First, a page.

Imagine now that we are faced with estimating the risks of radiation-related deaths from a nuclear accident of the same order of magnitude that occurred at Chernobyl to the population surrounding a nuclear power plant in New England. To those within the plant and in the area immediately surrounding it there is a danger of losing their lives instantly, whereas there is a considerably lower risk of delayed cancer deaths to those living further away. If we translate the expected number of deaths likely to occur throughout New England from such an accident into average individual risk, we seriously underestimate the risks to those who reside in the immediate vicinity of the plant. If we choose to estimate the average individual risk to members of the population within a two-mile radius of the plant, we ignore the risks to the larger population. Which population we choose as the population at risk is not merely a matter of convenience. If we know, for instance, that the chances of dying from a nuclear accident are close to 100% for those working within the nuclear plant; whereas those who live furthest away face no risk at all, it is misleading to spread this risk over the entire population as an average risk per individual. Since cost-benefit analysis will coincide with universal individual consent only when all members of a community are affected equally under each alternative entertained by the analysis, there is a strong temptation to ignore distributional considerations completely in favor of an average risk per individual spread over a population as large as possible. As Douglas MacLean has suggested "we might speculate that some intuitive sensitivity to distributional issues helps to explain why most hazard comparisons have so little impact on public opinion and concern."17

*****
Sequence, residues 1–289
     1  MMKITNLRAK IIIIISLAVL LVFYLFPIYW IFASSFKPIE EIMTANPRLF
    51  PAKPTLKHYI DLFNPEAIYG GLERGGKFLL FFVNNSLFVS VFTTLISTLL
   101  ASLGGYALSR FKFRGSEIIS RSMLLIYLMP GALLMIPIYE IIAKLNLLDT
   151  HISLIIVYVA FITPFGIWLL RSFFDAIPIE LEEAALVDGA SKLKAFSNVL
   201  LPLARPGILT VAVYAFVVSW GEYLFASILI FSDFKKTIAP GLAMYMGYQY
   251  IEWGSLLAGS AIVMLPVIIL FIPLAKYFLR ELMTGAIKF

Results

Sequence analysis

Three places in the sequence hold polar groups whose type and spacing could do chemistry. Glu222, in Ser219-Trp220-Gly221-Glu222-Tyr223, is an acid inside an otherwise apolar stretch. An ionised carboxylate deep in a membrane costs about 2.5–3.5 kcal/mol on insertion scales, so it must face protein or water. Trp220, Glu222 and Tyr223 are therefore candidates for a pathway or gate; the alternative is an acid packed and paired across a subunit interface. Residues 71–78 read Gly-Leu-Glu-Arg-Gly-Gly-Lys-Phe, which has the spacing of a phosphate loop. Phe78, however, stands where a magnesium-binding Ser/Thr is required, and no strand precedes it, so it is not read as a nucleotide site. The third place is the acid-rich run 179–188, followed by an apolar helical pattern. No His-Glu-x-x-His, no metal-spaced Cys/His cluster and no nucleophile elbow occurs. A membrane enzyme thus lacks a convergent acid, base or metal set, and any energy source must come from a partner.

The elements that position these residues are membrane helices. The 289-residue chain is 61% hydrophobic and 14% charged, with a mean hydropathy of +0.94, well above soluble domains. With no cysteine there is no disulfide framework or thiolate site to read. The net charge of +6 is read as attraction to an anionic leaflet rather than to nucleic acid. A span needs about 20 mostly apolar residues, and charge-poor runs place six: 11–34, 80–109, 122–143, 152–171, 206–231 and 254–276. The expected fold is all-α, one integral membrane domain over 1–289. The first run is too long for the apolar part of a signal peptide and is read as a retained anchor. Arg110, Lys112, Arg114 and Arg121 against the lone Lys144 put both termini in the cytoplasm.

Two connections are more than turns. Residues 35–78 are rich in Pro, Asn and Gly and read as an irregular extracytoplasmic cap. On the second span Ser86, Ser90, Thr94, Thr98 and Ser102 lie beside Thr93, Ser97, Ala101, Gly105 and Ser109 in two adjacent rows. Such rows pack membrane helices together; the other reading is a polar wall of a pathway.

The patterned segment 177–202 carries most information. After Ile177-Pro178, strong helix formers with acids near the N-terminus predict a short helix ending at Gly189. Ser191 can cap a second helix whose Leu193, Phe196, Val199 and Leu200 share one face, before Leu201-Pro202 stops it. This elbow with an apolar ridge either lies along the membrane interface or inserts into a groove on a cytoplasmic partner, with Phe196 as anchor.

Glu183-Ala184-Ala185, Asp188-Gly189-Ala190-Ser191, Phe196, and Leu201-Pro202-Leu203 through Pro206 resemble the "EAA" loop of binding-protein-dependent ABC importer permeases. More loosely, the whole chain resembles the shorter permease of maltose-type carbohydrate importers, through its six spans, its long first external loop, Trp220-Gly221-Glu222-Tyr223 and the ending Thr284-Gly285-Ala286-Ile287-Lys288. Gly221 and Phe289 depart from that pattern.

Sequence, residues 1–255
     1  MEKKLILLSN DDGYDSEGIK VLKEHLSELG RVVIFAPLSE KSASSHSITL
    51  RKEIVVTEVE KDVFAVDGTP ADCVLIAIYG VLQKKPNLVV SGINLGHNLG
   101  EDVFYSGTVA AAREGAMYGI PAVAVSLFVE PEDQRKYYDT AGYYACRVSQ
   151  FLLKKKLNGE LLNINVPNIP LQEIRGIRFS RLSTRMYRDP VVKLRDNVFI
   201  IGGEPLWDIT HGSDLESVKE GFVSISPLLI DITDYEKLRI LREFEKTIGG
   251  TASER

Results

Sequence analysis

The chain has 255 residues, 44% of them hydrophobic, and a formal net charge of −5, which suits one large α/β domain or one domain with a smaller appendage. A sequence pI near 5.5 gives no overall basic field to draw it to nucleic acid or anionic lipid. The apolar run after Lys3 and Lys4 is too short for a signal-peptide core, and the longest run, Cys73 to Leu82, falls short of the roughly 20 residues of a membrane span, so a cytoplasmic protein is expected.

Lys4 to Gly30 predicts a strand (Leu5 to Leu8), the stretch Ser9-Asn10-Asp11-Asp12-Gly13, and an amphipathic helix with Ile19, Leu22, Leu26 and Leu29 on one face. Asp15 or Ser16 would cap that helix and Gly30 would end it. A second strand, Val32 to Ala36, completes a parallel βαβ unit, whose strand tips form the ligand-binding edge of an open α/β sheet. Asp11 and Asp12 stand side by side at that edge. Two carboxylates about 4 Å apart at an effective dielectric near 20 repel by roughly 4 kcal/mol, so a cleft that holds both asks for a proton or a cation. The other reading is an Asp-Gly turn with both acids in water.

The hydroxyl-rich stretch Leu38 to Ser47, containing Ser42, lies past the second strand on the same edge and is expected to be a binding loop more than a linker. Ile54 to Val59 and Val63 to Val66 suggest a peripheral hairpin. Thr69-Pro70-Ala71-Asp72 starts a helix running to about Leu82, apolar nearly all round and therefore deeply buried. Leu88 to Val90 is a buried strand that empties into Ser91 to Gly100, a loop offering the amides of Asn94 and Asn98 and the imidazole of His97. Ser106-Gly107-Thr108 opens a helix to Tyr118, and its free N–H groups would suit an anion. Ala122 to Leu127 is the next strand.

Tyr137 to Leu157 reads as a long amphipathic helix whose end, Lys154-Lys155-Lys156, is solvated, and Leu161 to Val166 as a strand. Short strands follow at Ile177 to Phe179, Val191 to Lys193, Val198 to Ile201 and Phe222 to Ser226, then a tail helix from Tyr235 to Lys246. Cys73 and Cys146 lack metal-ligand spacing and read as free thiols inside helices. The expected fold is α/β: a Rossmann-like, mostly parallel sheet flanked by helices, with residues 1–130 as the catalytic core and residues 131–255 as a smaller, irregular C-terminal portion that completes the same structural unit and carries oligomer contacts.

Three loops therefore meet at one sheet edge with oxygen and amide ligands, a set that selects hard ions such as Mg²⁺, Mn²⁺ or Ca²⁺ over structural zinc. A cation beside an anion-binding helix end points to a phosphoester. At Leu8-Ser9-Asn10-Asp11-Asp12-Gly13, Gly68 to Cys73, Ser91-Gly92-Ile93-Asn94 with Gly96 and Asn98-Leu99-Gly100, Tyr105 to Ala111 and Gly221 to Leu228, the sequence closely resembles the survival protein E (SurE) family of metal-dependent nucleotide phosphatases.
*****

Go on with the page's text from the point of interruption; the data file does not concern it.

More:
c. The Value of a Human Life

One possible explanation for the counter-intuitive result in the earlier comparison of health risks in Options # 1 and #2 above is that many of us feel that human lives ought to be treated differently from other costs. A human life has a special value in our culture and ought to be treated separately from other things we value, even severe but non-fatal injuries. To some policy analysts it has, therefore, seemed useful to try to come up with a single, determinate value for a human life.

There is little agreement, however, among policy analysts over how a figure for the value of a human life ought to be set. Since there is no market in human lives, inferences are frequently drawn from situations in which people reveal what they are willing to pay for their own safety. But the conclusions of these indirect tests vary so widely that the most determined policy analyst is likely to despair of ever being able to put a single, determinate value on a human life. An investigation into consumer purchases of smoke detectors, for example, estimates the value of a life at $175,000;18 whereas a study that looked at the decisions by drivers to wear seat belts puts the figure closer to $593,000.19 Yet another study analyzing wage differentials received by workers on dangerous jobs gives the estimate of $3,200,000.20